WIMBLEDON, Ralph, of Ashstead, Surr.
Available from Boydell and Brewer
Family and Education
Under sheriff, Surr. and Suss. 1406-7.1
Tax collector, Surr. Dec. 1414, Nov. 1415.
Escheator, Surr. and Suss. 4 Nov. 1418-23 Nov. 1419, 20 May 1422-13 Nov. 1423.
Commr. of inquiry, Surr., Suss. Nov. 1427, Aug. (wastes and damages at Asshurst park), July 1439 (customs evasion); to assess taxes, Surr. Apr. 1431.
Wimbledon’s social position and apparent wealth suggest that he was a kinsman, possibly even the son, of the William Wimbledon who was constable of Farnham castle, Surrey, and a prominent figure in local administration during the late 14th and early 15th centuries. Ralph’s career was equally distinguished, for even at the time of his single return to the Parliament of May 1413 when he was still a young man, he took part in the election of the shire knights; and he was also present at the Guildford county court for subsequent elections to the Parliaments of 1414 (Nov), (Nov. 1415, 1417, 1420, 1425, 1431, 1432 and 1433. The extent of his holdings not merely in and around Guildford but throughout Surrey contributed greatly to his influence in the county: between 1407 and 1428, for example, he either purchased or inherited six messuages and 287 acres of farmland and woodland in Leatherhead, Effingham, Dorking, West Horsley, Ockley and Wotton. Wimbledon was clearly an ambitious man whose plans for the enlargement of his estates went far beyond the re-investment of surplus revenues. In March 1418 he obtained joint custody with John Wilcotes* of two thirds of the manors of Barnsbury, Middlesex, and Icklingham, Suffolk, during the minority of Richard Berners’s daughter, Margery; and in the following year he became farmer of the young Thomas St. Cler’s manor of Wethersfield, Suffolk, again during the child’s minority and again rendering an annual account at the Exchequer. In July 1420 he offered sureties in Chancery on behalf of Thomas Smith, another Surrey man taking on the farm of crown estates, as well as acting as an attorney on behalf of John Ferriby†, who was then fighting with the royal army in Normandy.2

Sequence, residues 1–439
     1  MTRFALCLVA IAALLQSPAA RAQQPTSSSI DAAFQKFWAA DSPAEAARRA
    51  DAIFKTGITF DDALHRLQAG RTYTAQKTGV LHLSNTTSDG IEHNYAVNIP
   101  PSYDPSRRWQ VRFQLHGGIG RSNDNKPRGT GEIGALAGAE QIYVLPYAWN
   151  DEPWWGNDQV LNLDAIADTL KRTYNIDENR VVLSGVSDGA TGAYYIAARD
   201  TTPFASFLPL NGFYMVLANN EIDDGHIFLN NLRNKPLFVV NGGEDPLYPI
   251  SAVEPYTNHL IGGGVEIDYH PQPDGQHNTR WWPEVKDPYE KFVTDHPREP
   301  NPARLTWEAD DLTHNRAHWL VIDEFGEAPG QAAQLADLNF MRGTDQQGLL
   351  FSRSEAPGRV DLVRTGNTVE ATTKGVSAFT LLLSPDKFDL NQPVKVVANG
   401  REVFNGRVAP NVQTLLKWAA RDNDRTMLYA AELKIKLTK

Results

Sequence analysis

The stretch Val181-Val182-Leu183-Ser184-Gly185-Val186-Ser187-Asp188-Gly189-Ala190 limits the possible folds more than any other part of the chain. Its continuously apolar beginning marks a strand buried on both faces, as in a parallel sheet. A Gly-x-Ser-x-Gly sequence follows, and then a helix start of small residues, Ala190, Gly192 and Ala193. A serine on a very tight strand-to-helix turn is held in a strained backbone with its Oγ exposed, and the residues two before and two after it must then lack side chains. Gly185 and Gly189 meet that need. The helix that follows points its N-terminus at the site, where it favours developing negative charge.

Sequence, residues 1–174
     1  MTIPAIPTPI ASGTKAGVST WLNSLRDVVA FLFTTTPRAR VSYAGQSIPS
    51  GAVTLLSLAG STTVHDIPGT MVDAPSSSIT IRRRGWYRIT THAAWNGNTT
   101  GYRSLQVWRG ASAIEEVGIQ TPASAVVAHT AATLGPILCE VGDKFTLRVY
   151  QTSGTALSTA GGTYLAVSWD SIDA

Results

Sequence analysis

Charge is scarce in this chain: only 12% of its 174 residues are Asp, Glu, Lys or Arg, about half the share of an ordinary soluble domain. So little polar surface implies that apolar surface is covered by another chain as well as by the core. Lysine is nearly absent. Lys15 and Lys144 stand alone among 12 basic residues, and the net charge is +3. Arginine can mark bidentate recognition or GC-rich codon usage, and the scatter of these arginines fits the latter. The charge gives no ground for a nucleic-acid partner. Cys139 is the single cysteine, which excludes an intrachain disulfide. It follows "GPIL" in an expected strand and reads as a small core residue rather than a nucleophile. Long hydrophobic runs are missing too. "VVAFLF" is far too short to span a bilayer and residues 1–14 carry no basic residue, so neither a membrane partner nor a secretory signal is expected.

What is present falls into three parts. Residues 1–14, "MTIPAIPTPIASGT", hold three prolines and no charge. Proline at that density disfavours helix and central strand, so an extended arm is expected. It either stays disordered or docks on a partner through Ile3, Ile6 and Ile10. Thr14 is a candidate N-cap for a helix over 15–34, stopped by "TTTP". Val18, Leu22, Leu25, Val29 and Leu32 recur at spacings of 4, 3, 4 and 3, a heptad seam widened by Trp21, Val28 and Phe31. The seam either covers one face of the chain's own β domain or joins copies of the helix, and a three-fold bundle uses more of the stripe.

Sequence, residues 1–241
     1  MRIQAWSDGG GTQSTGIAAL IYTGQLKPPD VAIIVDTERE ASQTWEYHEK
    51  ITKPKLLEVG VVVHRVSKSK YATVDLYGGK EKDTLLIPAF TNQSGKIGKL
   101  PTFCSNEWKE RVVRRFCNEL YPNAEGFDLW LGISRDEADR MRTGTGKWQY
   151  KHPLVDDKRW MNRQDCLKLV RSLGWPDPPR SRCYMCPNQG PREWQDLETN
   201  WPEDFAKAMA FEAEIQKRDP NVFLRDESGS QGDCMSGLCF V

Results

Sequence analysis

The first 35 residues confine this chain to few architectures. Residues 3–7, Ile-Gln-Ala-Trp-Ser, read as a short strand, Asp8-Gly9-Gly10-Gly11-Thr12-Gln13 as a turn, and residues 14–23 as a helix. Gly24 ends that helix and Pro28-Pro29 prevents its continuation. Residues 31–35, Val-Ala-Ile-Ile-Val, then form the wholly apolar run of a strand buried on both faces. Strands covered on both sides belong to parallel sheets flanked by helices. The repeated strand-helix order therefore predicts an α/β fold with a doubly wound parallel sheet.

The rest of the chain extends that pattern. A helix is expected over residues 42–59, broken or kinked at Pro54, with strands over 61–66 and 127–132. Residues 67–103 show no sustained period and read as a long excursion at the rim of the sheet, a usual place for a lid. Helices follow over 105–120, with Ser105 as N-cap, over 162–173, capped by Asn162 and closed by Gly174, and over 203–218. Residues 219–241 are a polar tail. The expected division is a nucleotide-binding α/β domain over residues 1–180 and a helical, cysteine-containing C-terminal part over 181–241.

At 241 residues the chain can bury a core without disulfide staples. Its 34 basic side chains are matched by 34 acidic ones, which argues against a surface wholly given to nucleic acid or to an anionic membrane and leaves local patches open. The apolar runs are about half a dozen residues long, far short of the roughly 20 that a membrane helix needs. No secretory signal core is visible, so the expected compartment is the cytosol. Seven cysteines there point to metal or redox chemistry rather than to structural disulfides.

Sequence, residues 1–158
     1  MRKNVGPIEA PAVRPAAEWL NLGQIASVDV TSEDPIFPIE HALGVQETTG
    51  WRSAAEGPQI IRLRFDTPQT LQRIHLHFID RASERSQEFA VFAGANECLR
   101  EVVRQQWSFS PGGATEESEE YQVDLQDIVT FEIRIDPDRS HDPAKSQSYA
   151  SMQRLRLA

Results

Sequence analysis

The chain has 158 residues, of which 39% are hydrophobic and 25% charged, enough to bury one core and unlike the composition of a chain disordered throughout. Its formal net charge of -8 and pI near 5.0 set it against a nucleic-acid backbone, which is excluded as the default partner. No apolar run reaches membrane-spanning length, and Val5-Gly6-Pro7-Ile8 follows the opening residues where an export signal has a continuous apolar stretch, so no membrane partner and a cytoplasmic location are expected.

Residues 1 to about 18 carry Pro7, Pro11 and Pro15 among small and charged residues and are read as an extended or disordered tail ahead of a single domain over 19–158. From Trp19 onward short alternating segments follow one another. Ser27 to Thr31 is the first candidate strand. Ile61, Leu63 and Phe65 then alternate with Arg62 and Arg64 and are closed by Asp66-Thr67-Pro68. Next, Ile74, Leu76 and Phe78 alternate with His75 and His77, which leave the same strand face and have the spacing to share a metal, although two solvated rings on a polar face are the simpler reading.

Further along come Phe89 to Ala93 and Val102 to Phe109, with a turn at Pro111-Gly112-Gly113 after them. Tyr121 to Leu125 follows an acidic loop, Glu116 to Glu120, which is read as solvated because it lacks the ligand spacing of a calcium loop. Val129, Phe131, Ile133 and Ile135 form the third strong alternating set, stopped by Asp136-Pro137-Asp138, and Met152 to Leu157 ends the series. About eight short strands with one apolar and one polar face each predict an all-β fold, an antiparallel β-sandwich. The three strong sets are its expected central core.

On 20 Nov. 1423 Wimbledon was pardoned his outlawry in Wiltshire for failing to answer Thomas Semeleye and others on a plea of trespass. Soon afterwards he was himself one of the five plaintiffs in an assize of novel disseisin brought at Guildford against William Bole and his trustees. He continued to acquire property in the south-east throughout his life, although it is evident that his interest in certain transactions was solely that of a feoffee. In June 1425, for example, he was one of the men upon whom Sir John Graa† settled the manor of Burston, Norfolk; and eight years later he was similarly a party to the enfeoffment of the manor and advowson of West Horsley by John Ferriby and Margery his wife, who was Wimbledon’s former ward.3
Meanwhile, in May 1431, being then described as ‘of Ashstead’, Wimbledon was among the notables of Surrey required by the Crown to take the general oath that they would not support anyone who disturbed the King’s peace. Together with Ralph Amersham, one of his near neighbours, he obtained a quitclaim regarding two messuages, two mills, rents worth £7 a year and 128 acres of land in Amersham, Buckinghamshire, and Stoke, Hertfordshire, in July 1434, but it may well be that he was again involved as a trustee rather than the new owner of the property. His last known accession had been made by June 1441, when he, his wife, Isabel, and their own feoffees secured a royal pardon for acquiring and entering one third of the manor of Mickleham, Surrey, without a licence.4
Wimbledon’s activities as an office-holder and commissioner and his position as a landowner together accorded him a status equivalent to that of a shire knight. Members of his family, probably his direct descendants, added to his land at Mickleham and, having established themselves at Norbury and elsewhere in Surrey, played an even more important role in the business of local government during the late 15th century and after.